An opinion editorial by MATRIC Chairman & CEO Steve Hedrick
The past few weeks and months have put life into perspective – for everyone, regardless of geography, age, race or income. We’ve been forced to identify the difference between wants and needs for ourselves and others around us. Real needs. Such as life-saving tools and resources for front-line workers to help combat this virus. From ventilators, to surgical gowns, to N95 equivalent masks, to even hand sanitizer. There was and continues to be a need and demand for these items.
Being a critical part of producing every day essentials for people isn’t new to the chemical industry. Touching 96% of all manufactured goods, the chemical industry was deemed “essential critical infrastructure” by the U.S. Department of Homeland Security.
Companies and leaders are stepping up to be a part of the solution, donating money and supplies. Even more impressive are the companies finding ways to think and operate differently, to be a part of the solution in ways they never thought they would have to. Using critical thinking skills in a different manner, they’ve developed new ways to continue operations, be it remotely or otherwise in some cases, to get the job done in the face of adversity. This demand – the need – to produce goods for a greater cause has induced wonderful innovation. It’s innovation at its finest.
Innovation: thinking in new and different ways. Developing new processes. Identifying new products or services. Acting differently based on new inputs. Adapting a supply chain. Finding a way to be a part of the solution.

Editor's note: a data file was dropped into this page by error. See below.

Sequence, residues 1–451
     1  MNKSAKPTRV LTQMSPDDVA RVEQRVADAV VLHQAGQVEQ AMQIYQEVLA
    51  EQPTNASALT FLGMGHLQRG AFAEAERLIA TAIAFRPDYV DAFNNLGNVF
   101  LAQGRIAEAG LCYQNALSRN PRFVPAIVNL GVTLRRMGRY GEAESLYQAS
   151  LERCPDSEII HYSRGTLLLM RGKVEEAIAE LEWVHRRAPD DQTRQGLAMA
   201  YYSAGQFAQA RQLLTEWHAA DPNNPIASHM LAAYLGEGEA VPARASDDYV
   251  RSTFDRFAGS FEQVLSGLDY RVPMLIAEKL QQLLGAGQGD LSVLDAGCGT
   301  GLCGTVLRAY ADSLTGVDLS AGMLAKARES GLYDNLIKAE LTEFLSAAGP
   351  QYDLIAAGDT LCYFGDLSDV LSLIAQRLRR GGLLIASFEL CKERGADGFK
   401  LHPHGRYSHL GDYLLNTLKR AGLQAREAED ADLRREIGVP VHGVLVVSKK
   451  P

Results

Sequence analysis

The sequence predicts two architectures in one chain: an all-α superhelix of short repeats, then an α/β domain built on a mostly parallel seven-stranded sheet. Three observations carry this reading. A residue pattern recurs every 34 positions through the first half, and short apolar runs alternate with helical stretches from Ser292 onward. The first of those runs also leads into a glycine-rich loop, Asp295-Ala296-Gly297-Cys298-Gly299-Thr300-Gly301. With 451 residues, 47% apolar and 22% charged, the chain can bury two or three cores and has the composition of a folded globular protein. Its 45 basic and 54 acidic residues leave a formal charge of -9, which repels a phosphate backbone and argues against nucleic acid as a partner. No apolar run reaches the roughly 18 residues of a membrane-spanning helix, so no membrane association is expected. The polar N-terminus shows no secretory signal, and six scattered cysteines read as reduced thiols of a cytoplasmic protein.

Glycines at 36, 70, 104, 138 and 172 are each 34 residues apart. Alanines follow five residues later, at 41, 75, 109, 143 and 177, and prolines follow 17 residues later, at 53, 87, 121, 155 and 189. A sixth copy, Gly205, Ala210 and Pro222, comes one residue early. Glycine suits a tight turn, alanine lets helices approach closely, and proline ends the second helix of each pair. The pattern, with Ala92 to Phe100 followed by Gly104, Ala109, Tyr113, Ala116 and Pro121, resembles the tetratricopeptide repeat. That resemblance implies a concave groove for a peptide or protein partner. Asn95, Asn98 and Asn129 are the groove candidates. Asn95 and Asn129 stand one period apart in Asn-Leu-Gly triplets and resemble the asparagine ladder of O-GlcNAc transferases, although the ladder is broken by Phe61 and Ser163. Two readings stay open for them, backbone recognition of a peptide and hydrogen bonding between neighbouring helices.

The innovation occurring in the science, technology and manufacturing industries is for the good of all, and it’s inspiring to experience. It is occurring at a pace that in recent years has been stymied by lack of resource, possibly the lack of a true rallying need, or by a thought process that was not driven to move with decisive speed and effect. The chemical and discreet manufacturing sectors, working in unison for a common purpose, are delivering needed goods that they do not normally make, and they’re doing so at a staggering pace.
Companies like Dow are manufacturing much needed hand sanitizer for emergency responders in a safe an environmentally sound manner by repurposing reaction trains that were never intended to manufacture this product. Companies like Eagle Manufacturing, part of the Justrite Safety Group, are working day and night to help deliver much needed personal protective equipment in the form of masks to our National Guard. This is something they’ve never made before! And I’ve seen with my own eyes parts for face shields and masks being produced on 3D printers, something that would not have even been possible just a few short years ago.
There are millions of other people, and thousands of other companies who are making change happen to help us win against this unprecedented global crisis. And I am proud of the people who work at MATRIC, everyone from our most senior leaders to our newest hire. They refuse to stop asking the question, “How can we help?”
Innovation matters to and for us all. Innovation in all its forms allows critical-thinkers to make change, to deliver on need for mankind and to help us win. And let there be no doubt, our industry, our society, will do what we must do. We will win.
This opinion article originally appeared in the April 17, 2020, issue of the Charleston Gazette-Mail.